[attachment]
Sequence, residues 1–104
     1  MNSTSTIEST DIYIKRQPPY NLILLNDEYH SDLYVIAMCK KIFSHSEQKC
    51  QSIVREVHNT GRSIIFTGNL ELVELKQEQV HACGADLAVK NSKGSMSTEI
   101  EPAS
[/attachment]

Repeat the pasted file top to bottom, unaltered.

Sequence, residues 1–104
     1  MNSTSTIEST DIYIKRQPPY NLILLNDEYH SDLYVIAMCK KIFSHSEQKC
    51  QSIVREVHNT GRSIIFTGNL ELVELKQEQV HACGADLAVK NSKGSMSTEI
   101  EPAS